Bangladesh may not come to mind as a country leading gender equality. But a grassroots organization is empowering women there.
CGTN’s Rian Maelzer reports.
Improving gender equality for women in BangladeshBangladesh may not come to mind as a country leading gender equality. But a grassroots organization is empowering women there. CGTN's Rian Maelzer reports.
A meeting of a grassroots organization for poor rural women, created by world’s largest developmental NGO, Bangladesh’s BRAC which is the world’s largest development organization, dedicated to empowering people living in poverty.
It’s a forum for women to learn about the benefits and rights they’re entitled to. Bangladesh has a woman prime minister, cabinet ministers, ambassadors, engineers, and pilots. But it still has a lot of work to do to raise the status of ordinary women, particularly those living in rural areas and in poverty.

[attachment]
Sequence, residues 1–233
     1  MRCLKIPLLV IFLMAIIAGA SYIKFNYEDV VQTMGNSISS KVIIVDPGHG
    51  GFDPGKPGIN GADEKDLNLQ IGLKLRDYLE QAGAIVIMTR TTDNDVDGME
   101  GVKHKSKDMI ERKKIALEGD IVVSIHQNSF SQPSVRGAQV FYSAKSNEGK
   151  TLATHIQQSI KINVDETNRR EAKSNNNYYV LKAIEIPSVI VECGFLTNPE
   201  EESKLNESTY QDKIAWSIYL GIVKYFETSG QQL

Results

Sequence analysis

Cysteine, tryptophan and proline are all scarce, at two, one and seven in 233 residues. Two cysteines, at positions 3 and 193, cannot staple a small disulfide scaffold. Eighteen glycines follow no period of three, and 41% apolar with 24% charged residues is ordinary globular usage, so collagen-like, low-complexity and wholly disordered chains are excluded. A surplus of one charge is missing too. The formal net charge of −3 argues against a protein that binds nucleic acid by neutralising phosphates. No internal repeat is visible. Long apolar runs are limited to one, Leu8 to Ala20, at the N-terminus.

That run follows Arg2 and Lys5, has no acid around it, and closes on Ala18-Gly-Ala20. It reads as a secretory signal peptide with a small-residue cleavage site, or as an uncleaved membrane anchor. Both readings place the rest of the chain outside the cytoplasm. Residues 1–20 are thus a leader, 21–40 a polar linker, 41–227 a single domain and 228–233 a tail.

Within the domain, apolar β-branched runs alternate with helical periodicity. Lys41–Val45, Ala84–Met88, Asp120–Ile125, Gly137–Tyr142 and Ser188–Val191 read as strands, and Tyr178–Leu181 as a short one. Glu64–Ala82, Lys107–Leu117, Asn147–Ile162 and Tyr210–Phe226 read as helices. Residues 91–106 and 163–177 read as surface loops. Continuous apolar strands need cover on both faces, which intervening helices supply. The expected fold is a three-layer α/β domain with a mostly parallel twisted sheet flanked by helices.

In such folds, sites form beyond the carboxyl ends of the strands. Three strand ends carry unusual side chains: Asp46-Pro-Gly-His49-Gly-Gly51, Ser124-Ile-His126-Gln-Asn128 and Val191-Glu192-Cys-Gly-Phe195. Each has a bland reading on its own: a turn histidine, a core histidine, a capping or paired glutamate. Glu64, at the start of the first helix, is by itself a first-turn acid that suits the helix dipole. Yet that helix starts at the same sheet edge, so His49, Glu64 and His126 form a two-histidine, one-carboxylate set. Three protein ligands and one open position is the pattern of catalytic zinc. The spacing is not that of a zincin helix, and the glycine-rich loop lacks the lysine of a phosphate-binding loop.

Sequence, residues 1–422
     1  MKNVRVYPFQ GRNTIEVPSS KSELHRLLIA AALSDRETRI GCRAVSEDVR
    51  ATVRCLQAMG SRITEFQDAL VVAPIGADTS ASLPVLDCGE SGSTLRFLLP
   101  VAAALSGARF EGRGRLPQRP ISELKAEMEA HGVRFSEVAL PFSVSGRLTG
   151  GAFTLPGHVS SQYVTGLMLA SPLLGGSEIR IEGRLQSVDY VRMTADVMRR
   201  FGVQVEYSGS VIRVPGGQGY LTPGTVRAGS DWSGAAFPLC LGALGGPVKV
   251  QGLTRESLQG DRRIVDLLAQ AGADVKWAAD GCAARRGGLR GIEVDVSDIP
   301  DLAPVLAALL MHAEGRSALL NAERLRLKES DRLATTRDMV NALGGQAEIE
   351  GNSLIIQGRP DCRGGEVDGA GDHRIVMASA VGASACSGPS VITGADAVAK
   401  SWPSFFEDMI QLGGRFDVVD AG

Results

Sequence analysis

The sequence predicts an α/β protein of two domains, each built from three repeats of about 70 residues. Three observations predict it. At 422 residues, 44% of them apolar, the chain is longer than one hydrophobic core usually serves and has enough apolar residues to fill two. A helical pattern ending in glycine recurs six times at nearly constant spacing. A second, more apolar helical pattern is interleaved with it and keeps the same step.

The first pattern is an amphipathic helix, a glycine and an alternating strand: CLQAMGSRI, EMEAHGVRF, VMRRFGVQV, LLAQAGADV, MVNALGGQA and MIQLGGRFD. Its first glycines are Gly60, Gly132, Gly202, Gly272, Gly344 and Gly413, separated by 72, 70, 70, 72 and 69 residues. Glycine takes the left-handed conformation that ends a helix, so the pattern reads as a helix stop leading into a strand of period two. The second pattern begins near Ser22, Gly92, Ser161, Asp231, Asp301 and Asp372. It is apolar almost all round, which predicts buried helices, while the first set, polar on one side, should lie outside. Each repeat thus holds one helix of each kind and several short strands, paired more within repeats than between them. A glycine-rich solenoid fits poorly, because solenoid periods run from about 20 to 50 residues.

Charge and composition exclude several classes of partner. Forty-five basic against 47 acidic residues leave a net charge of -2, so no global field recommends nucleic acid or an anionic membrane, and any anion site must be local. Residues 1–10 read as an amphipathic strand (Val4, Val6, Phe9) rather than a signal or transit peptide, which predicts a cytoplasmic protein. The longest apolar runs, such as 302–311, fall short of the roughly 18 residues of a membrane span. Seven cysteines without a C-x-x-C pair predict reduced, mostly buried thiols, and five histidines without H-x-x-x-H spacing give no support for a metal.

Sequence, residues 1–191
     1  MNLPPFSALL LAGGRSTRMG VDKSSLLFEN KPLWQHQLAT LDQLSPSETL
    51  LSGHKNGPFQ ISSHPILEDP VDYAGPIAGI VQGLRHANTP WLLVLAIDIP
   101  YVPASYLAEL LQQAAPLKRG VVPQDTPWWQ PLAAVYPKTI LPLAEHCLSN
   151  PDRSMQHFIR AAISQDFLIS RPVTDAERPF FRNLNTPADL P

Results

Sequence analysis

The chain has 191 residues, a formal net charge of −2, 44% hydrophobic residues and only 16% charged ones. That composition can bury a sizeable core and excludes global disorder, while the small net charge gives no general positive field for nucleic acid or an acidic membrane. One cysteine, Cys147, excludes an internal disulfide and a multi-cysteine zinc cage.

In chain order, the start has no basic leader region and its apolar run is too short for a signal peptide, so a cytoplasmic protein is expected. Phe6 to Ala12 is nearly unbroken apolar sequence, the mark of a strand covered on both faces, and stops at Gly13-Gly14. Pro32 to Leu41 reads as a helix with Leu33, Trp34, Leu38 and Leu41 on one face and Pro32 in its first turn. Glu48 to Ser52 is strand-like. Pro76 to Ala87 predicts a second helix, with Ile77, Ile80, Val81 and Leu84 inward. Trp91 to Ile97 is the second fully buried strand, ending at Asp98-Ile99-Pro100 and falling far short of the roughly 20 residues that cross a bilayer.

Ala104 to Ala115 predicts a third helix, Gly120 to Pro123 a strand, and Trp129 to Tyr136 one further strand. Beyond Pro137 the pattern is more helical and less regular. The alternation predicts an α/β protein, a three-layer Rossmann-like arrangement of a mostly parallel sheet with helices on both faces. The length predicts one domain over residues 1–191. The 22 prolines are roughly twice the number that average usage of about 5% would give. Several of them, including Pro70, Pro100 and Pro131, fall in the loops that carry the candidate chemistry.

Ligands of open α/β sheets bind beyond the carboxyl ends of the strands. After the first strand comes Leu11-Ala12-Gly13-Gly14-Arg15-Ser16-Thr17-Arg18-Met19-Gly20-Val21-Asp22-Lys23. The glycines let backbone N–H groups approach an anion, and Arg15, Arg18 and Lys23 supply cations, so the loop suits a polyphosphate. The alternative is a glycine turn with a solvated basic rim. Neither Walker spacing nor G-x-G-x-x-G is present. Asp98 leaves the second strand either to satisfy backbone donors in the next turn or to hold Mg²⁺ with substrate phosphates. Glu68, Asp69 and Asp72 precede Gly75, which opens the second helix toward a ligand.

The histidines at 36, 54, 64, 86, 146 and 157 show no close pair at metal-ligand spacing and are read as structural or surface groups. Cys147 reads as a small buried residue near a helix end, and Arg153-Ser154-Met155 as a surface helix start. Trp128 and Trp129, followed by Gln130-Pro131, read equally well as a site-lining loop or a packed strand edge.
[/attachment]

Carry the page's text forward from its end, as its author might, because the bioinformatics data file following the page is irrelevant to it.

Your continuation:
Women now head nine of the country’s 64 districts. But even those in high posts usually still have less status within their families than the males.
“Within the family decision-making, traditionally it is men that decide what will be done, what will be purchased, all important decisions are taken by the men, that’s the traditional social rule in Bangladesh. Similarly in public life, a woman has limited public life,” Kam Morshed, director of BRAC said.
That is starting to change. An equal number of girls and boys now attend primary and secondary school.
Micro-finance, in which Bangladesh was a pioneer, has helped millions of women emerge from poverty. And industries such as the all-important garment sector in which women from 80 percent of the workforce are starting to transform attitudes.
The increase in employment is boosting women’s role in decision-making in the home, increasing their self-confidence and making women’s voices better heard in Bangladesh society.